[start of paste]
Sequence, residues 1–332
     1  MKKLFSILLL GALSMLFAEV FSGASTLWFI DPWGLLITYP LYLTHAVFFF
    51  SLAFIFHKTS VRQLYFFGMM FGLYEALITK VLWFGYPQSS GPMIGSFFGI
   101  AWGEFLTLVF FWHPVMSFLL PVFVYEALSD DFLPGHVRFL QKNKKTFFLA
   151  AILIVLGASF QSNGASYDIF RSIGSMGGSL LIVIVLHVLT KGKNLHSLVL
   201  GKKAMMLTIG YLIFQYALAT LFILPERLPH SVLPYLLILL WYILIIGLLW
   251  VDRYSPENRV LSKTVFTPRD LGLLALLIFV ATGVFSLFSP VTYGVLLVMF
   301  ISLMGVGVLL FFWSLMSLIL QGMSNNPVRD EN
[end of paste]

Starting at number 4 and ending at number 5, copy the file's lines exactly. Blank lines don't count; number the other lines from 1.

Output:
   101  AWGEFLTLVF FWHPVMSFLL PVFVYEALSD DFLPGHVRFL QKNKKTFFLA
   151  AILIVLGASF QSNGASYDIF RSIGSMGGSL LIVIVLHVLT KGKNLHSLVL